Y'all are a bunch of wankers!

Sending unsolicited status updates to management.  Good idea?

I was going through some old files and some of those files are status reports that were required by a previous management team.  They asked us to list accomplishments, upcoming/ongoing projects, issues, etc.

Thought about maybe filling one of these out and sending to the new management team.  Is there any harm in doing that?

If I do send this out, should I send to the director (two levels up) or just to my immediate boss?  I once had a boss who was insecure and he didn't anyone showing him up.  Could be a similar situation here, but not quite sure. 

Should I bother?  Or is this a case of no good deed goes unpunished?
Permalink . 
May 9th, 2018 11:31pm
Brag away. I do.

Keep it short. Do it every week.  CC whomever you like.
Permalink Legion 
May 9th, 2018 11:56pm
Management should know this already by one mechanism or another.

If you haven’t done this for years and suddenly start, they’re going to wonder why.

Your boss might already be providing this to his boss.

If they now get a report from you with markedly different numbers, he’s going to look an idiot.
Permalink Scott Adams 
May 10th, 2018 12:53am
> Keep it short. Do it every week.  CC whomever you like.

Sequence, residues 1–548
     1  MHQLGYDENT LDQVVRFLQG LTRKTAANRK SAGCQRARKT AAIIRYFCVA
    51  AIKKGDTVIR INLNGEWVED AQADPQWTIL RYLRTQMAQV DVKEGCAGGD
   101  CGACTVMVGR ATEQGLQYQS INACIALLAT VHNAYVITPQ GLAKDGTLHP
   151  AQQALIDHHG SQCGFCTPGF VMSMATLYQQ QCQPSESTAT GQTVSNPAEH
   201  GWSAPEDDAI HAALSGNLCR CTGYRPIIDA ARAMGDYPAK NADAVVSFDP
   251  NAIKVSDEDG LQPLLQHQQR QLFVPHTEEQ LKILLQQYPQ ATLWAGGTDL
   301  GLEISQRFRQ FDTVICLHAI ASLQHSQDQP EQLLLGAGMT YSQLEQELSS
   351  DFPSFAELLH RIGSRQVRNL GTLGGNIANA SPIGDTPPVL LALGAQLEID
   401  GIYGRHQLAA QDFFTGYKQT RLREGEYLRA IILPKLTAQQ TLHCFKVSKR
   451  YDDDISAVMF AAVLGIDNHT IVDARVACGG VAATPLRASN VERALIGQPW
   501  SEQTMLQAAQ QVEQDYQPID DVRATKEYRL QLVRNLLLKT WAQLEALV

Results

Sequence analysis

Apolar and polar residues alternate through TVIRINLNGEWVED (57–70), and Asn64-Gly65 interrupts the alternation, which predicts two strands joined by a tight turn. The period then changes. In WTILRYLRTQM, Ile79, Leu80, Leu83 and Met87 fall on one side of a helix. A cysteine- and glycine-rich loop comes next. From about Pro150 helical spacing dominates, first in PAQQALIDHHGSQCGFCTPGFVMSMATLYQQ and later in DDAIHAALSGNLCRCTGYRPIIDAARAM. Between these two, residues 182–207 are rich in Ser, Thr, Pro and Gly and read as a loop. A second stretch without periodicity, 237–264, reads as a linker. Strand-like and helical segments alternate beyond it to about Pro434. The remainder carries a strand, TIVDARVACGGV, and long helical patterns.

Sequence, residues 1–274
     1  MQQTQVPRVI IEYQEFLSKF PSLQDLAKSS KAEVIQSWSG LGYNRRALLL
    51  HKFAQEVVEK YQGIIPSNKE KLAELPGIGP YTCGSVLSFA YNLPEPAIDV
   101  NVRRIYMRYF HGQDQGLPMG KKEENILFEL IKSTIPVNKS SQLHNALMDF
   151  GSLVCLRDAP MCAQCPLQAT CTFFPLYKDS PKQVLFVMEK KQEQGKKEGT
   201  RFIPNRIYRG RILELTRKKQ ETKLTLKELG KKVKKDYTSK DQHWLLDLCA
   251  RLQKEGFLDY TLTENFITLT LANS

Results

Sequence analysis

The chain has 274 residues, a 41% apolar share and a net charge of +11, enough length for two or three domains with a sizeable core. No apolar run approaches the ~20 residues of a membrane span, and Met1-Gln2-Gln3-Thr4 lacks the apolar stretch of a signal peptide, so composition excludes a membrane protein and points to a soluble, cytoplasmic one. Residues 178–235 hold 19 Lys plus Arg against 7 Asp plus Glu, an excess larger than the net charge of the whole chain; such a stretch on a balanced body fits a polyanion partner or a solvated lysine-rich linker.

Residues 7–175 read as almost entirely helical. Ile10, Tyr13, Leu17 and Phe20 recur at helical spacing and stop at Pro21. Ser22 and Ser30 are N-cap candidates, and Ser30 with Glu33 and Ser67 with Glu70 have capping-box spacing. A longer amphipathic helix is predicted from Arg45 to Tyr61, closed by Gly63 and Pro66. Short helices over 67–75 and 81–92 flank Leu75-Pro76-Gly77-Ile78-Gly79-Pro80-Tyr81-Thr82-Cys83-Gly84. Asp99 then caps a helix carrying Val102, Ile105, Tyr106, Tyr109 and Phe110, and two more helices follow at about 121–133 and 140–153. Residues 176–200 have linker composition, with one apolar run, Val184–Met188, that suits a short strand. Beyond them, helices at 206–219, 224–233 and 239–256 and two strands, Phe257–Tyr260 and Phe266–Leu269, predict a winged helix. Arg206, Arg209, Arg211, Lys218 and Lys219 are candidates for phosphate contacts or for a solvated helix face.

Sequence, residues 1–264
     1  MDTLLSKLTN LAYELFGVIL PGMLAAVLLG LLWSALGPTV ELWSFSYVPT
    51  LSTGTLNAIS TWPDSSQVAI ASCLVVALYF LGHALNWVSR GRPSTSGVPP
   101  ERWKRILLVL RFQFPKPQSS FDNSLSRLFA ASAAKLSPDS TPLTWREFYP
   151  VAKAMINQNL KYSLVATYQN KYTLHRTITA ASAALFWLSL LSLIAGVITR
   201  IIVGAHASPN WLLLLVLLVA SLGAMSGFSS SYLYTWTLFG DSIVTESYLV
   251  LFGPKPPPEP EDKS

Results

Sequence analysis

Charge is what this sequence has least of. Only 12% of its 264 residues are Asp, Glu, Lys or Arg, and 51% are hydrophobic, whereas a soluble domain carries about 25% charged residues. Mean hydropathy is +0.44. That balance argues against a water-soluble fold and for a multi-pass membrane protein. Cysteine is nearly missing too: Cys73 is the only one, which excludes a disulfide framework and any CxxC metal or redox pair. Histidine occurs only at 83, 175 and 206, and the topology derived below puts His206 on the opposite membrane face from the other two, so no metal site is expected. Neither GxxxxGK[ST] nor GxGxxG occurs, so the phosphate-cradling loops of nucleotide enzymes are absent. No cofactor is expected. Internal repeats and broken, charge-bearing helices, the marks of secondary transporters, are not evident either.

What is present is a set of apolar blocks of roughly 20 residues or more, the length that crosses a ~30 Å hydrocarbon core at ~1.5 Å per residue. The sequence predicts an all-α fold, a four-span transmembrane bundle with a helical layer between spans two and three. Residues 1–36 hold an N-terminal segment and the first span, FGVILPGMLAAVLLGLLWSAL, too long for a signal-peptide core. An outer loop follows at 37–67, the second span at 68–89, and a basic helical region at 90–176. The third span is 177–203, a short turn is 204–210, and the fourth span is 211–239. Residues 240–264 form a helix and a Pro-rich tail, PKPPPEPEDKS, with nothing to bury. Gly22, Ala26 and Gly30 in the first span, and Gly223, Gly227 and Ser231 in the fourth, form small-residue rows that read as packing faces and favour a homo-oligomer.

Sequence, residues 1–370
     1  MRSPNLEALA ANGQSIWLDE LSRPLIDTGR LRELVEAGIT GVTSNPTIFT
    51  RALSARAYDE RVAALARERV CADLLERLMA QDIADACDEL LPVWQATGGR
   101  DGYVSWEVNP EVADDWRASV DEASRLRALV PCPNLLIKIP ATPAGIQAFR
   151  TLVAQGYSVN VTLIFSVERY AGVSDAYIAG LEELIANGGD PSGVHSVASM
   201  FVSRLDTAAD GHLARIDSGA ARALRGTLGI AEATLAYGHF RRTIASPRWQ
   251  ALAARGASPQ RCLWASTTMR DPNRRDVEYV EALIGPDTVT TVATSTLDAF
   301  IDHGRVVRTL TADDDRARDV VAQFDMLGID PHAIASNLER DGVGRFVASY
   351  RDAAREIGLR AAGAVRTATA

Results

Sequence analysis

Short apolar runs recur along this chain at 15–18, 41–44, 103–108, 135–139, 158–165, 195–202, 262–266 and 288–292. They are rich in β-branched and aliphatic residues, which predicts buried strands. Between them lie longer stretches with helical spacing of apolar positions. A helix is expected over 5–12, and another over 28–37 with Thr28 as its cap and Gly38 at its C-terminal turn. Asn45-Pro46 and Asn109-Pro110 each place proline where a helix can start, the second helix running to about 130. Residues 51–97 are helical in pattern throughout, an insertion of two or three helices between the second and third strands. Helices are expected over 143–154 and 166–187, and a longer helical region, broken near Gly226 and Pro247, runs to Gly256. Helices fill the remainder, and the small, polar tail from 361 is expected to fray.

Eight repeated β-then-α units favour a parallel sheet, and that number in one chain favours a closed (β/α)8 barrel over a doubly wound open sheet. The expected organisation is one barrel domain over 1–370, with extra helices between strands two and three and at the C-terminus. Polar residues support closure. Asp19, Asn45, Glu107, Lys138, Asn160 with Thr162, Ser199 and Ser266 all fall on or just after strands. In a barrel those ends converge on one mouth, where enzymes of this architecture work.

The keyword is short I guess.

My boss was telling me one time that he is asked for a weekly status report and keeps it short and to the point.  He probably wouldn't it if it were long winded.
Permalink . 
May 10th, 2018 1:14am
> Management should know this already by one mechanism or another.

There are ticketing and request systems in place for that stuff.  Not sure if/how project work is tracked.

> If you haven’t done this for years and suddenly start, they’re going to wonder why.

True

> Your boss might already be providing this to his boss.

He does but keeps it short and to the point.

> If they now get a report from you with markedly different numbers, he’s going to look an idiot.

Maybe he's telling his boss that I don't do as much as I do.
Permalink . 
May 10th, 2018 1:15am
If you provide your boss with a succinct report, he can use that as his report to his own boss.

He will probably appreciate the reduction in his workload (unless for whatever reason he doesn't like your content) and you get to write the report that your boss' boss reads.